Friday Night Lights and White Lotus star Connie Britton made an appearance at the Fortune Most Powerful Women Summit on Tuesday in Laguna, Niguel, Calif.
In addition to being a successful Hollywood actress, Britton is an investor, philanthropist, activist, and serves on the board for both Dartmouth and University of Southern California.
Aside from the characters she plays, she notes that as a woman, there’s a desire, and maybe an expectation, to be likable.
“I think we as women, see that around us all the time, this sort of expectation that we must be likable,” Britton said, speaking on the main stage. “And we’ve witnessed it in politics, we’ve witnessed it in the workplace.”
In the television and film world, she explained that there’s always been a rule that women characters have to be likable. If they’re not super likable, they’re a villain.
“I never ever once [thought] about being likable, and I never judge my characters from the outside,” Britton said, adding that she plays every character from the standpoint of her fundamental belief that as women, “we are always trying to find our own power, and that’s very authentic for each of us individually.”
If by accident, her characters become likable, that’s great. But, Britton said she’s “always serving the story she’s trying to tell.”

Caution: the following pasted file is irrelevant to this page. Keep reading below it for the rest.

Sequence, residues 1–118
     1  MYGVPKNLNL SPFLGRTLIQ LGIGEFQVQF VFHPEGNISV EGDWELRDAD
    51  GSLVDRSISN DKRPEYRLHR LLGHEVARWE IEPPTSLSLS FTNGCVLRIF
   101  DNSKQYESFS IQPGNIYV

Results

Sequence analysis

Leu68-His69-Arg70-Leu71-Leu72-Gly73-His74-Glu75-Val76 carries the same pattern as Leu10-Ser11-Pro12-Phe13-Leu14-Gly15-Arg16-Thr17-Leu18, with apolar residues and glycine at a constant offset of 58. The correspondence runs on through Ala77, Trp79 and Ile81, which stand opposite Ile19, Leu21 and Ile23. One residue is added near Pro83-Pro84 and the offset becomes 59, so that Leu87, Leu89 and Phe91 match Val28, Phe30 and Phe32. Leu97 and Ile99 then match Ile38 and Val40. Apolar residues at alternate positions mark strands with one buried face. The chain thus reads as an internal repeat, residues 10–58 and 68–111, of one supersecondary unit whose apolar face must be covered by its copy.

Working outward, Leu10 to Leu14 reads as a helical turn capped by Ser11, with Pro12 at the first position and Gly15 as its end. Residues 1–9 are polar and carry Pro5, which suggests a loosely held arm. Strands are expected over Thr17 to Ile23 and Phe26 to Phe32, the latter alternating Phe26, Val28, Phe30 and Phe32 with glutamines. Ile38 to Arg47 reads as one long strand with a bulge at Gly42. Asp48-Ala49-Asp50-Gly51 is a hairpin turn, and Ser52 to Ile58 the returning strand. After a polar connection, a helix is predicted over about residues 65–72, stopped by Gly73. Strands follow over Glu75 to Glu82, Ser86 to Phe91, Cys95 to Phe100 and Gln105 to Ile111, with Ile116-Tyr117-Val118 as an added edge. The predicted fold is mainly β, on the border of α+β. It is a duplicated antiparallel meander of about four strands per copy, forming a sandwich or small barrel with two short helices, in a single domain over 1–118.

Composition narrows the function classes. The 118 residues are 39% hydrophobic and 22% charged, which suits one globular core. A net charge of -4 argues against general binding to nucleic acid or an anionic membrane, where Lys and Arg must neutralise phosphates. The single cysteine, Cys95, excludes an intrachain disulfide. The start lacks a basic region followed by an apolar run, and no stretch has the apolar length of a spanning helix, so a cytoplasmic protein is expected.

“It’s really important that I show women who will have the complexity that we all have, the drive and determination, flaws, and sense of helplessness some days,” Britton said. “And, then the hope is that we can see ourselves in that way, and say: ‘oh I like her, and I didn’t know that I would like her with all those flaws, and all those problems, and all those questions. And, I didn’t know that I would like her if she wasn’t perfect.’ So, that’s the goal.”
Throughout her life, Britton said, she’s tried to look at things through a different lens—and she’s been intrigued by the things she has the least understanding of. And, especially now, she’s ready to learn about something she’s never understood before. As an actor, taking risks is really important, Britton said.
“With my acting roles, every time I choose a role, I want to make sure that it feels like it’s going to take me outside my comfort zone in some way,” she said. “It’s not really a risk, if there’s not really the possibility of failure.”
Taking a risk is scary, but it’s also the best opportunity to learn and grow, Britton said. She mentioned the writers and actors strike, and how it has triggered an inflection point in Hollywood, while adding that she’s been developing a production company over the past few years. It required a different skill set than that of an actor, but she wanted to be at the helm of the creation process for the stories being told. It’s been challenging, but incredibly rewarding, Britton said.
Throughout the process though, she’s seen firsthand how women face cultural obstacles based on what’s put out in the world through film. Britton said she’s been able to play incredible characters, with a special shoutout to Friday Night Lights, but as a producer she’s seeing the pushback on the portrayal of women that’s deeply embedded in Hollywood. Still, her goal is to always tell stories that are as universal as possible and reflect real women, and even as she’s running her production company, she’ll always be an actor.
“The goal and the dream is that I will be acting in the things that I have created,” Britton said.